Academic journal article ABA Banking Journal

The Fight's Not over Yet

Academic journal article ABA Banking Journal

The Fight's Not over Yet

Article excerpt

There have been many positive sounds emanating from Washington about the need to lift burdensome regulations from hanks. Most of the messages relate to the need to stimulate the economy, and most of the messages have come from sources within the new Administration, although there are a number of friendly voices in Congress as well.

It would be easy to begin to think that the world has come to its senses and recognized how thoroughly it had gummed up the economic engine called banking.

Don't celebrate just yet, however. Here's one reason why the industry needs to keep pressing the point and press it as effectively as possible. The fact is, as an issue, the regulatory burden is not the equal of the 10% withholding-at-source issue of several years ago. That proposal unleashed a wave of public resentment that banks were able to effectively harness. The issue of overregulation doesn't tap the same well of public self-interest as deeply.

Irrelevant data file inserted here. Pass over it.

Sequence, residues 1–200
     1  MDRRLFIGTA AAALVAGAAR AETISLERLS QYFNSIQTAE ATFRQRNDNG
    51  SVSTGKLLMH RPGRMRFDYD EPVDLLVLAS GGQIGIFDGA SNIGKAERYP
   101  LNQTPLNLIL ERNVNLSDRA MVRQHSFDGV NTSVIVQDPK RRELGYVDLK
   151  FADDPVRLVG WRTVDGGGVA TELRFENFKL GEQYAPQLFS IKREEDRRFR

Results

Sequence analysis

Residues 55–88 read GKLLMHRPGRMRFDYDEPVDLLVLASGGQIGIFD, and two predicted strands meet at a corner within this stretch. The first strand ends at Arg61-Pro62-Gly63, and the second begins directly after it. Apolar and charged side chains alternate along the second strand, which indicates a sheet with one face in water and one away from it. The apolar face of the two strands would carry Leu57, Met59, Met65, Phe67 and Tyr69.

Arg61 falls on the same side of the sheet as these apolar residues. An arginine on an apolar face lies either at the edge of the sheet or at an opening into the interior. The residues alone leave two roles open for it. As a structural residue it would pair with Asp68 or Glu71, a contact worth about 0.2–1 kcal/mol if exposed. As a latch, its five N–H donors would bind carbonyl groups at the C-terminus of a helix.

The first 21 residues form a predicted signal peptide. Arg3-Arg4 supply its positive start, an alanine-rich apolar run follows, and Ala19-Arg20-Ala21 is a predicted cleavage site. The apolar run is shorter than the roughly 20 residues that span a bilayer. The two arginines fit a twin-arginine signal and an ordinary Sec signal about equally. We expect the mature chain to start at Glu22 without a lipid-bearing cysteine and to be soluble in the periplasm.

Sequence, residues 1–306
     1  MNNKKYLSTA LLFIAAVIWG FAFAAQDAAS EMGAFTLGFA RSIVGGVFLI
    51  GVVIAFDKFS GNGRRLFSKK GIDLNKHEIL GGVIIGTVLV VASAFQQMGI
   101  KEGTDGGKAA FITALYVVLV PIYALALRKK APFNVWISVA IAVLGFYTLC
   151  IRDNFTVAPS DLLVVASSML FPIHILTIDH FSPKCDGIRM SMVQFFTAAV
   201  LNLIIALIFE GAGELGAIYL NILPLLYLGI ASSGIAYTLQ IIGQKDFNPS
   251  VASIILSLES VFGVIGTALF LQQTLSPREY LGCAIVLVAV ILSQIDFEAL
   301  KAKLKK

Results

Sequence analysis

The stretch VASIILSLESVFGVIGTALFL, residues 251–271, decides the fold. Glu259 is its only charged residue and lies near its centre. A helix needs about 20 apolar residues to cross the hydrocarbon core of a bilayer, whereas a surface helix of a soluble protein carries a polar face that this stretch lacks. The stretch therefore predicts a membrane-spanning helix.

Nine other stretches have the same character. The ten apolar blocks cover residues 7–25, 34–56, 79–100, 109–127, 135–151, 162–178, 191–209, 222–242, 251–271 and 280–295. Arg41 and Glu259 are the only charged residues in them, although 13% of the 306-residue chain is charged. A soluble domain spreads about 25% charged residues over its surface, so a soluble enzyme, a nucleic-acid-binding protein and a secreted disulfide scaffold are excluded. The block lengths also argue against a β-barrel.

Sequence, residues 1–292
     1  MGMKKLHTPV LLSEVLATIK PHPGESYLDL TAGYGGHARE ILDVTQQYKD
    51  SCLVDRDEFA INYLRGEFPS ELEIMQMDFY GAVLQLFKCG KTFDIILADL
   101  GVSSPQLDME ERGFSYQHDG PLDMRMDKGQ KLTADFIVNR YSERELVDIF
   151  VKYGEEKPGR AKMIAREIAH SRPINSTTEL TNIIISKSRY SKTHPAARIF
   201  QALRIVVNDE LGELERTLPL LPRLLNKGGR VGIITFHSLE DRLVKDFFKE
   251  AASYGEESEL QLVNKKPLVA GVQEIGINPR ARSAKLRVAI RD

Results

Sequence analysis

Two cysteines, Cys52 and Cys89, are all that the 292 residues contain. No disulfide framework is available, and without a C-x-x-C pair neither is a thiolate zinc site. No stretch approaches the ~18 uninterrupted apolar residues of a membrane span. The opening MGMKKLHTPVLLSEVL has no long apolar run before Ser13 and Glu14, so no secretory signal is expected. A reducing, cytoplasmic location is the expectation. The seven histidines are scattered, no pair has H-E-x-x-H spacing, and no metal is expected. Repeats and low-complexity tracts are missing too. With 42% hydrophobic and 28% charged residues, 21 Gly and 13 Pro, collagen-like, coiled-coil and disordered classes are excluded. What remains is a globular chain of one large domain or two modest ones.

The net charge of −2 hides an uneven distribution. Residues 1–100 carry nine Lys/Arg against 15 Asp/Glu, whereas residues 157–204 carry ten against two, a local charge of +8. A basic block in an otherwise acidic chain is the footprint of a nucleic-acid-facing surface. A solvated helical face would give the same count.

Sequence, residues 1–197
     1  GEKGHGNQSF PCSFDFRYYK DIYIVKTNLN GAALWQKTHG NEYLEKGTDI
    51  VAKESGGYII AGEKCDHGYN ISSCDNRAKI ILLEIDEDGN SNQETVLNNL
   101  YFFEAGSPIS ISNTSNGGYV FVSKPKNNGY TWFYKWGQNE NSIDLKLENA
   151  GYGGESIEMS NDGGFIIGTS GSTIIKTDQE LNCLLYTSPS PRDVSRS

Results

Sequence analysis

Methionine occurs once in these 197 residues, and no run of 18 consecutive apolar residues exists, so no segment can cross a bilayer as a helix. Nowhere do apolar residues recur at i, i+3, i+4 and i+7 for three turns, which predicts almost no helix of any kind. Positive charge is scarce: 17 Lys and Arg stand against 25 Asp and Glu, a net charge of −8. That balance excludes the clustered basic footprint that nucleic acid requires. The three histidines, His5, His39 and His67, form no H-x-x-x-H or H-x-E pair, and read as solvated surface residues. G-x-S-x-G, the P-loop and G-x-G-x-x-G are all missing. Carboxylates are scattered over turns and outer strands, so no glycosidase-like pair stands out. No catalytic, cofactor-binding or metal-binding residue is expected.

Many people in fact like the idea of bank regulation--at least so long as it doesn't affect them adversely.

But of course it does affect them adversely. It affects job creation and small business growth significantly. You know that and we know that but the public, the media, and many in Congress still don't.

ABA's "Cut the Red Tape Week" campaign this month will help raise awareness of the issue among bank employees and customers we're sure. But bankers shouldn't count on that alone to carry the day. Needed: examples. More needs to be done if real progress is to be made. One approach is to cite specific examples of how red tape restricts lending whenever the issue is raised. Several such examples follow. The first two relate to overzealous examiners; the second two to other factors.

* A Massachusetts community bank reports being down $17 million in loans when it could be up $27 million. The bank is well capitalized, but decided to become even more well capitalized rather than lend and be criticized for doing so. …

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